A narrow winding

A narrow winding

Kinnaur, even for a Himachali like me, is a strange place. The religious affiliations there are very flexible.

Some Kinnauries are Buddhists, some Hindus, while others swing both ways. Their women don’t wear dhatus like the women from our part of Himachal, but caps like the men.

During weddings, women drink openly and gift home-brewed liquor to  baratis. Kinnauris have distinct Mongoloid features making them look more North-Easterners. Prudery has not infected them yet. And when it comes to a crunch, their women, a la Draupadi, take on many husbands.

But the most memorable Kinnauri experience for anyone — Himachali or not — is perhaps the road to Sangla, the small village in Kinnaur district.
I have seen winding roads that go on endless loops up steep hillsides, but the Sangla road is something else.

Of the rock

Firstly, like all mountain roads, the Sangla road has not been carved on a mountainside but rather bored through a rocky precipice. Therefore the road has an overhang of rock, giving you a feeling that you are driving  through a tunnel.

At one stretch, you feel frightfully hemmed in, prompting travellers to christen it ‘the sandwich road’. If you dare to get off and look down from the ‘sandwich’, which inevitably every tourist does for selfies, there is a sheer drop of a few hundred feet. Down below in the stone strewn gorge, the Baspa river — a tributary of Sutlej — appears as a trickle of water.

It is not for nothing that this road has been called one of the world’s deadliest roads and has been a subject of numerous adventure documentaries. But the road is dangerous only if you slip up, because if you do tip over the edge, there is instant death. Except at some stretches, the road is otherwise broad enough for two vehicles to cross each other.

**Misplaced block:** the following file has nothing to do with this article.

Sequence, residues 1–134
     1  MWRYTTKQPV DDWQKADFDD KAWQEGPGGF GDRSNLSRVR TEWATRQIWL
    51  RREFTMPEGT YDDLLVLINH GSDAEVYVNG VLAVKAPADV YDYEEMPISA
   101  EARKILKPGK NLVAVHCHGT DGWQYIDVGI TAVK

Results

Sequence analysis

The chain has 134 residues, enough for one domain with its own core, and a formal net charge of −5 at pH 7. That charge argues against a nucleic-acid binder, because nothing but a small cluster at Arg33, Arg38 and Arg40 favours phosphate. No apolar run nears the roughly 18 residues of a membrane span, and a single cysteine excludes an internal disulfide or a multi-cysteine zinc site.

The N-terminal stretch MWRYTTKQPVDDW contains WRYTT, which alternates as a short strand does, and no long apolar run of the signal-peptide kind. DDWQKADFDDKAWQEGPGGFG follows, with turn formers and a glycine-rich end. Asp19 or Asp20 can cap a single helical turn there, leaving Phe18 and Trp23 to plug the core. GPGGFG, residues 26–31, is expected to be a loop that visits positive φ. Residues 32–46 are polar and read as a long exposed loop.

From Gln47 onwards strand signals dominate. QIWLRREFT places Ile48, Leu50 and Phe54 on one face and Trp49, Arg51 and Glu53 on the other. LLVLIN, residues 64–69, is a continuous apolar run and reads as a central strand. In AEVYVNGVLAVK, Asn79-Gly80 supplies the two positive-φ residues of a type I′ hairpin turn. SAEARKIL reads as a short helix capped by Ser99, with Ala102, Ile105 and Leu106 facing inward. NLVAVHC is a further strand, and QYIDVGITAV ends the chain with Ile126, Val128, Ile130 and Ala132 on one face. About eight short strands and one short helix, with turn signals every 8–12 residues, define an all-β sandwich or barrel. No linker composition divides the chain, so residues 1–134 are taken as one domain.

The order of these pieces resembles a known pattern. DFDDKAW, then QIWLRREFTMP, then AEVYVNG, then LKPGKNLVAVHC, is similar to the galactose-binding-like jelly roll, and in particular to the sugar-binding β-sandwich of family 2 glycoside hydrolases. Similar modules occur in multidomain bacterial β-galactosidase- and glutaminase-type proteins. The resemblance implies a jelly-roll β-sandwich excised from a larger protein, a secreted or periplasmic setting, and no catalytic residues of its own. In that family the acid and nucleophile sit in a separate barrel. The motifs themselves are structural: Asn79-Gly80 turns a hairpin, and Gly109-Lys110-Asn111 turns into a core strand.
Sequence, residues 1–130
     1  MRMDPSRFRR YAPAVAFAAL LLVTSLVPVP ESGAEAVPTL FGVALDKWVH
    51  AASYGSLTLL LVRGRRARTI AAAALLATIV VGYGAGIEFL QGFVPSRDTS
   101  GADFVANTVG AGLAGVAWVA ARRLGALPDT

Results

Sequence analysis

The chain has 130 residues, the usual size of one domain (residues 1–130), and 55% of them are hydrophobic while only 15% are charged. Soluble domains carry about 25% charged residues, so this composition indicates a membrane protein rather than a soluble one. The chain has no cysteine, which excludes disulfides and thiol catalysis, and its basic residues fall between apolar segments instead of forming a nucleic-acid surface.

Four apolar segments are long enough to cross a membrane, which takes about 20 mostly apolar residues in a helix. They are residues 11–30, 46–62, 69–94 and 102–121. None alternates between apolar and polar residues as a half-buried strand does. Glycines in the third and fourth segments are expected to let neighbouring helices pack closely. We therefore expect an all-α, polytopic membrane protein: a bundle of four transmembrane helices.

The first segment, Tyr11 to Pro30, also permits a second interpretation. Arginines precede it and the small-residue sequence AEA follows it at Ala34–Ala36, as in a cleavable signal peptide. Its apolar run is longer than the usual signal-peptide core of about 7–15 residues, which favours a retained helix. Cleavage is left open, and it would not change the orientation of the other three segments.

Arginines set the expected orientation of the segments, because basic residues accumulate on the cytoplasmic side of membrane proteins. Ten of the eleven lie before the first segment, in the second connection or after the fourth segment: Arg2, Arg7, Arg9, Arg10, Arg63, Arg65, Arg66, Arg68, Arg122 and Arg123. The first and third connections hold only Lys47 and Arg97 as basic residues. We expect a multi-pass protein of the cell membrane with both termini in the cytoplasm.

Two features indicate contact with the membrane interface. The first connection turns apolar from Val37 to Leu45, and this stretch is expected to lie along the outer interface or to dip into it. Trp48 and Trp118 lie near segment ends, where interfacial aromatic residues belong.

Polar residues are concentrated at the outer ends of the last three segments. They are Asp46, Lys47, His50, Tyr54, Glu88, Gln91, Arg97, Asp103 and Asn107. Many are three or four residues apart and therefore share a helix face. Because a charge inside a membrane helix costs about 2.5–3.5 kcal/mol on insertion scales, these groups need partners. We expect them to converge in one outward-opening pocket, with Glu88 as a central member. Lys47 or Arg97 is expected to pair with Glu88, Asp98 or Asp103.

If one is driving from Shimla, going past Kufri, Narkanda, Rampur and Jeori in Shimla district, one is for hours in the comfortable embrace of the broad, well-metalled National Highway (22).

After the highway loops down from Narkanda to Rampur, it runs alongside the Sutlej till Karcham, lulling you into visions of a quiet hill drive. But at Karcham, when you leave the relative luxury of the  highway and take the Sangla road, you are rudely jolted out of your reverie. From here it’s an 18 km adrenalin-pumping road to Sangla.

The weather-beaten road has potholes and it’s advisable to have a four-wheeler.
The famous stretch, a sheer mass of rockface through which the road is bored, giving it the ‘dangerous road’ sobriquet, is called as the Taranda Dhak by the locals.

The road gradually evens out into a valley as you reach Sangla. The village is part of lower Kinnaur and the houses are not very dissimilar from ones in other parts of Himachal at the same altitude. The landscape is, however, more majestic.

High above this sleepy tribal outpost, snow-capped mountains stand thousands of metres tall. Among them, standing at 6,050 m is the Kinner Kailash Peak.

Apple richness

The people here grow apples and cherries just like the orchardists in Shimla and Kullu district. But because the soil here is much more fertile, the quality of their fruits is better. Kinnauri apples are famous for not only being juicy and crisp, but unlike the hail-beaten apples of Shimla district, Kinnauri apples have perfect shape and colour.

A recent novelty in Sangla is the asparagus. And I found that quite by accident. Ravenously hungry after the long journey, I barged into the first dhaba in sight and ordered what eateries at such remote places are best in rustling up — Maggie.

The owner who was just seeing off a brood of foreign travellers accosted me and suggested I sample asparagus soup instead. I reluctantly agreed but was surprised by how delicious it was. The owner was watching my expressions all along and refused to charge me for the soup, but insisted I visit his asparagus  garden.

Apart from an orchard walk, if a local privileges you with one, it’s a good idea to trek up to Kamru village, which sits just above Sangla. It makes for not only an excellent trek, but is a good lesson in local history. There is an ancient Kamru fort here where the local rajas once had their coronation ceremony.

One can also trek to Chitkul, the last village on the Hindustan Tibet trade route, 22 km away.